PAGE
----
Repeat the buttering of the brioche and laying it in the tin for a second time and then add the remaining sugar and fruit. Add a final layer of buttered brioche on top.
Now, beat your eggs and mix them with the milk and cream before pouring it over the brioche and fruit.
Pop it in the oven for around 40 minutes, when it’s done it’ll be golden brown on top and puffed up. Serve it straight away, with lashings of cream.
Monday, August 26th, 2013
I’ll admit that this dessert isn’t the prettiest when you serve it, but before you start to dish it up, you could picture it in the window of any Parisian pâtisserie. It doesn’t half taste good, either! Meringues are a bit scary to start with, I’ve only recently become confident enough to attempt them without my mum holding my hand. Just take it slow, follow the recipe to the letter and relax. The worst that can happen is that you have to start again.
For the chocolate pavlovas, I follow Delia’s recipe and add the cocoa at the end.
For each tier (I did two) you’ll need:
3 large egg whites
175g caster sugar
1 tablespoon cocoa powder
Start off by preheating your oven to 150 degrees and drawing a circle on a piece of baking paper on a baking tray. Separate your eggs into yolks and whites, if you’re not sure how to do this, watch this video from Sorted Food. Make sure the egg whites go into a spotlessly clean bowl and whisk them until they form ‘stiff peaks’, or you can hold the bowl over your head without getting an impromptu, rather sticky hair mask.
Next, slowly whisk in the sugar. Be very careful to not burst the air bubbles in your eggs, this is what will make the pavlova rise and stay fluffy on the inside. You might not need all of the sugar, when the mixture is glossy, a bit like fresh snow on a ski slope you’re ready to add the cocoa powder, whisking really, really slowly.
Once the chocolate is all mixed in, spread the mixture in the circle on your baking tray and put it in the oven. Once the pavlova is in the oven, immediately turn the temperature down to 140 degrees and cook for an hour.
After an hour, turn off the oven and leave it well alone to cool completely. If you can’t wait, very carefully remove the meringues from the oven and pop them on cooling racks somewhere cool. They’ll be just the same, if a little less crispy.
Meanwhile, you can start on the filling. I went for fresh cream and raspberries, some from the garden and some from the farm shop.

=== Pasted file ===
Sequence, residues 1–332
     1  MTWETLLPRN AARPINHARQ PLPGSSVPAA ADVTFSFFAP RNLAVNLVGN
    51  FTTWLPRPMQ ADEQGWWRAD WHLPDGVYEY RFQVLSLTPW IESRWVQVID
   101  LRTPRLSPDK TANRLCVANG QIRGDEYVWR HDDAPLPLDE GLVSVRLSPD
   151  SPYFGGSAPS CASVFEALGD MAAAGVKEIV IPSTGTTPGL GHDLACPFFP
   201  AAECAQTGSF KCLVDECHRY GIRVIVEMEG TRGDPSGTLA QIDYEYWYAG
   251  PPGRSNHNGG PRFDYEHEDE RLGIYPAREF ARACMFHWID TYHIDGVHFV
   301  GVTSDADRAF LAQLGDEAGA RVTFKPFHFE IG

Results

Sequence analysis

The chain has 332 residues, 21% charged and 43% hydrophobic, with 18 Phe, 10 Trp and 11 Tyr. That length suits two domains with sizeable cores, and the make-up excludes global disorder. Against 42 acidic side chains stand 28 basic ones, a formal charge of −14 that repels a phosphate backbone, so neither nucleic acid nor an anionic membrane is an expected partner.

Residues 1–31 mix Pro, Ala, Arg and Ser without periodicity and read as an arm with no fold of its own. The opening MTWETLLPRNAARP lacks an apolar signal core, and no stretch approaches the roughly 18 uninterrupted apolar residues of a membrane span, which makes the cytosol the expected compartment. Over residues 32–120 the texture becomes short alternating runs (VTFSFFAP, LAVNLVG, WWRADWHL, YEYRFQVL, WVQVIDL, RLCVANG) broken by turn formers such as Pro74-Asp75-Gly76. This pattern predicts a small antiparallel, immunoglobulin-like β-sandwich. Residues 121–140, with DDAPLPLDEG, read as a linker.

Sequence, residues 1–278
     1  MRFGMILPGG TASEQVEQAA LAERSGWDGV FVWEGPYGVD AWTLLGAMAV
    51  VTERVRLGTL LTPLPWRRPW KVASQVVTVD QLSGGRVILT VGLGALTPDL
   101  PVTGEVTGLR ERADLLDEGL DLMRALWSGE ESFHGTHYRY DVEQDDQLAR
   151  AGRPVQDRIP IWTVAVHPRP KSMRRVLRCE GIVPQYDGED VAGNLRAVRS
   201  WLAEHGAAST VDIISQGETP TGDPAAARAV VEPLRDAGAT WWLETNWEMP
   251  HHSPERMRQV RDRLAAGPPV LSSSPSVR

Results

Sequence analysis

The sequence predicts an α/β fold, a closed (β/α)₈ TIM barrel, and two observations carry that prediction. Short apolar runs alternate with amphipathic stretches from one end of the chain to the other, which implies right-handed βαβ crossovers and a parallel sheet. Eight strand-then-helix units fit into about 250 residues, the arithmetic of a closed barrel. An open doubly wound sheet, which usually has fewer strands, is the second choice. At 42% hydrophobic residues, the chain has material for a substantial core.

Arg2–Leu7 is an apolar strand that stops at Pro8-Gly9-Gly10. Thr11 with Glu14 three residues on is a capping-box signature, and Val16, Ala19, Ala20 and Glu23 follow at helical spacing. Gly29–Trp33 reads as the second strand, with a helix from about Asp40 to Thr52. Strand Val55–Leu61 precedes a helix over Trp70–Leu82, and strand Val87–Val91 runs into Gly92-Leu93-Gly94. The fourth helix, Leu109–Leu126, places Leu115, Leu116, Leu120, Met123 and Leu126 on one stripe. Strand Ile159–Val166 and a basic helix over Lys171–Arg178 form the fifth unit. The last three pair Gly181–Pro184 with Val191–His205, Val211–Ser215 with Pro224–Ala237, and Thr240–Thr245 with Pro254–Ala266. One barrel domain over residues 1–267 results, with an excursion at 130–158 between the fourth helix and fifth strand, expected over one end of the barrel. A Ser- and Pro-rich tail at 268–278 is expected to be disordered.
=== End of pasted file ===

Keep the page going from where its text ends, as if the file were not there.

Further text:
You’ll need about 500g raspberries, 300ml double cream and a couple of chunks of really good dark chocolate, Green & Blacks is my favourite.
Begin by putting all the raspberries bar about a handful into a bowl and mashing them, either with a fork or a potato masher, and stir in a spoonful or so of cream and leave to one side whilst you whip the rest of the cream.
When the meringues are cool, pour the cream onto the bottom layer and sandwich the top layer on. Pour the raspberries into the middle of the pavlova and add the handful you saved earlier. Grate over your chocolate et voila!
Monday, July 15th, 2013
It was my mum’s birthday last week. All birthdays, especially your mum’s, merit a special cake. This one is seriously special. Fresh strawberries and double cream sandwiched between two soft, buttery layers of Victoria sandwich cake, covered in icing sugar, dark chocolate and popping candy.
Once the cakes are completely cool, this will take a good couple of hours, wash your strawberries and slice them in half. Put them to one side and whip the cream until it forms stiff peaks, but be careful not to over whip it or it becomes really difficult to spread.
Here’s the complicated bit: Take one of your cakes and turn it upside down on a chopping board, so the top is now on the bottom. Spread about half the cream on the side of the cake that’s facing up and then very carefully arrange the strawberries so that they go in circles with the flat side facing outwards, gradually getting smaller.
Add a few candles and present it to the birthday girl/boy, hopefully accompanied by gasps of amazement and admiration. And of course, lashings of Champagne.
Monday, June 24th, 2013
There’s no way of putting this modestly, these are the best brownies you will ever taste. Ever. Rich, gooey and decidedly naughty, you won’t find a more delicious brownie anywhere. In fact, just writing this is enough to make me want to whip up another batch. They trump any dry, bland, tasteless, overpriced imposter you’ll find in a chain coffee shop.They’re probably better for you too. Well, they’re still choc full of calories, fat and sugar but there aren’t any additives or other nasties. Plus, it only costs about £2 to make a whole batch.
To make on tray’s worth, you need:
100g unsalted butter
50g cocoa powder
225g caster sugar
50g self raising flour
Firstly, grease and line a medium sized tray and turn your oven to 180 Celsius or Gas Mark 4.
Then, put your butter into a microwave proof bowl and microwave it until it’s all melted, this usually takes about a minute, depending on your microwave.
Meanwhile, beat your eggs and mix in the sugar.
Once the butter has melted, mix it with the cocoa powder before adding it to the egg and sugar mix along with the flour and vanilla extract.
At this point you can add things like popping candy, for childhood nostalgia moments; salted caramel, for feeling like a grown up; or if you’re feeling really luxurious, brandy soaked cherries or prunes.
Make sure that everything is really well mixed and then pour the lot into your tray and put it in the oven for 20-30 minutes.
I like my brownies to be really gooey, in my family we call them squodge, so I tend to take them out after about 20 minutes. If you prefer brownies to be a little firmer, more like cake, leave them in for longer.
When you take the tray out of the oven , you should have something like this:
Leave it to cool for a few minutes before carefully removing it from the tray and leaving it on a wire rack to cool completely. Once it’s completely cool slice it into portions, one tray usually makes anything between 6 and 12 brownies, depending on how big you want them to be.
Serve with a giant mug of tea or coffee.
The recipe isn’t just for brownies either. I’ve used it to make birthday cakes, loaf cakes and even served it as a hot chocolate pudding. Experiment with it and let me know what you come up with!